Whatever else it may be remembered for, last February’s Super Bowl will be recalled for the war of TV commercials waged by makers of free mobile games to drive installs and get new users.
Although model Kate Upton’s fetching appearance in an ad for “Game of War” got much of the attention, Super Bowl ads for “Clash of Clans” and “Heroes Charge” also convinced large numbers of viewers to get those games.
This week, mobile ad agency Fetch is out with a new “TV Uplift Dual Screen Optimization” report that indicates you don’t need Kate Upton or the Super Bowl to move the needle on app engagement driven by TV ads. The apps also don’t need to be games.
It found that TV ads have an immediate effect on installs, plus some extended decay. Although Fetch declined to provide the names of its clients’ apps used for the report, it did say they were mostly transactional rather than games.
The report said that app installs in the viewing area of a TV commercial demonstrate uplifts ranging from 56 and 74 percent during the ad airing. For the next 10 minutes after the airing, there’s an increase of 24 percent, which then continues at about that rate for about two hours afterwards.
This causation points to the connection between TV and mobile behavior: many people watch TV these days with smartphone or tablet in hand, and they tend to use them during the commercial breaks. The Fetch report theorizes that TV ads may be “the final tipping point” in app marketing efforts.
Although the report is not exhaustive, it does show that some times and some techniques are more effective than others.
For instance, frequency in a short period of time can be very effective. If four ads are shown within two hours, there’s a whopping 467-percent increase in installs during that time.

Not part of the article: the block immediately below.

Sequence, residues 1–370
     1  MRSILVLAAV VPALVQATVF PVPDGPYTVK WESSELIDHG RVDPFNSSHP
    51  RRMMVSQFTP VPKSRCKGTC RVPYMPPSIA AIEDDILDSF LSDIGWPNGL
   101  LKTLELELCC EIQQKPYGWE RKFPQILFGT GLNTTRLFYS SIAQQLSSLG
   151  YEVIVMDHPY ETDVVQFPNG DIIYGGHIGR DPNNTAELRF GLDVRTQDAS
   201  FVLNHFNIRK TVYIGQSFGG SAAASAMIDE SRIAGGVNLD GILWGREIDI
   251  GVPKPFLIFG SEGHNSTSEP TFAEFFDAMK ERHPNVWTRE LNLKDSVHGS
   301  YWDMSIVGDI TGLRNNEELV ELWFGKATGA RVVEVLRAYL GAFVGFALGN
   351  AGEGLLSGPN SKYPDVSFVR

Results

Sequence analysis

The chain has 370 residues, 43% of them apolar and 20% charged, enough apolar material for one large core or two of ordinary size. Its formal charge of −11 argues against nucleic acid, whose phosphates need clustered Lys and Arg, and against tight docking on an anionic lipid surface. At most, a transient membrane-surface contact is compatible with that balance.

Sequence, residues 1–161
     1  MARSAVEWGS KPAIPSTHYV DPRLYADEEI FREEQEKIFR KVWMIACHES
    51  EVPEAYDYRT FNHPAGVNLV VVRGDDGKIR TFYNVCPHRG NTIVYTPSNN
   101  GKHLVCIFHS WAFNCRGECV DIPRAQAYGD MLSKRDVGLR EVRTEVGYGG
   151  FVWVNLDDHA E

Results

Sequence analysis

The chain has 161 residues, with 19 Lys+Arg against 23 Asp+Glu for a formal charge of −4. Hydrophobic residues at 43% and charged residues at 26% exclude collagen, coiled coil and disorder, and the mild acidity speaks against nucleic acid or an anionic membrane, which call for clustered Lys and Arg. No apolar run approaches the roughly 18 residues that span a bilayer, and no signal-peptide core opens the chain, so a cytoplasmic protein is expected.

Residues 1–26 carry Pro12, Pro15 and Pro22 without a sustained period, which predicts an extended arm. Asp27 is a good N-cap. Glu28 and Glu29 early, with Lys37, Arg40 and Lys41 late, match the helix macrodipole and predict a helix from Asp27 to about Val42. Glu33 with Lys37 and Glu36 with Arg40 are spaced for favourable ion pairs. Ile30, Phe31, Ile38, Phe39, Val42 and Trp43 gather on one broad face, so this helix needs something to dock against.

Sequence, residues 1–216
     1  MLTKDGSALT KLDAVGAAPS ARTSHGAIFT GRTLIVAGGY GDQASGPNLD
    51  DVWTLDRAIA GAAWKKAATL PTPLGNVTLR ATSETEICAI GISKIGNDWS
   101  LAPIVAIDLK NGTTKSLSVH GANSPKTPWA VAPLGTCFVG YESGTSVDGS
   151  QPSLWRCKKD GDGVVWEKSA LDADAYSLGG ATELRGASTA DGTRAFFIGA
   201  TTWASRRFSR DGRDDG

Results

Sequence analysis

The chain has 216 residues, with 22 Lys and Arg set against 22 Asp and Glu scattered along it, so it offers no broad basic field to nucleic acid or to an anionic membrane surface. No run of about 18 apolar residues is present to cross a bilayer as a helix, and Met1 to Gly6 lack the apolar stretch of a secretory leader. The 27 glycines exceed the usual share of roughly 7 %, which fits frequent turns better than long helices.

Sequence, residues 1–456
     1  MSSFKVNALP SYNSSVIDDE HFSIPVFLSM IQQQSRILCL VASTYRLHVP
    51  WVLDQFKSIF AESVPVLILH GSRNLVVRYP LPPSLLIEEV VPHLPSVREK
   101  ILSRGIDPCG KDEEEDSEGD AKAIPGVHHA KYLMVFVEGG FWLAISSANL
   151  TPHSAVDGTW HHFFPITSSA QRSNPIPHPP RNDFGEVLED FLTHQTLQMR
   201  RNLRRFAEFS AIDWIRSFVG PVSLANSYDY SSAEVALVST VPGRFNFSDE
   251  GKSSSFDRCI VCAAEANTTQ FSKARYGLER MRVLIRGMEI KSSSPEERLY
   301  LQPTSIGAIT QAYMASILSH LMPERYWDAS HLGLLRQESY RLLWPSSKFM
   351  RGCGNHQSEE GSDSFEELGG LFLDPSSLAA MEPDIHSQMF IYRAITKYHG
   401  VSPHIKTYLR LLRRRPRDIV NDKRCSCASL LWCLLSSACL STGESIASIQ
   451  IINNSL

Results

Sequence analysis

The report did not specify if the ads were shown on the same channel or in the same program, but it did recommend shorter TV ad campaigns of higher frequency. Fetch Head of Data Dan Wilson told me via email that the frequency effectiveness appears to peak at four ads within two hours.
That four-in-two frequency can also boost in-app conversions — where users make in-app purchases, like buying higher levels or app-related products — by 316 percent within those two hours.
Time of day can also be a big factor. Six to 7:00 p.m. generally has a high level of viewing, and ads shown then result in a 500-percent increase in app installs. This drops by 50 percent within an hour and then decays rapidly.
But there’s also a huge increase of 650 percent in app installs for ads shown in the midnight to 1:00 a.m. slot.
This finding that the highest uplift is outside of peak viewing hours is one of the surprises in the report, Wilson said.
He added that, in part, this is because the “the baseline is very low.” While the actual numbers of installs weren’t given, a relatively small number could represent a large percentage increase.
Wilson surmised that users watching TV during the wee hours have “a high response,” which assumedly is because there are few distractions — other people, phone calls, work and the like.
The report did not look at types of ads, lengths or the channels/programs where the ads were shown.
Based on 237 TV ads and more than 50,000 mobile actions, this report is Fetch’s first on this subject, although the firm has previously released data-driven studies of other mobile behaviors.
The app install data comes via ad measurement firm Mobile Measurement Partners from Fetch clients using Tune and AppsFlyer attribution services. Fetch matched TV schedules with first-party app data for the same location and time.
A baseline was established five minutes prior to the TV ad airing for app installs in the same location, on the idea that external factors were not likely to change within those five minutes.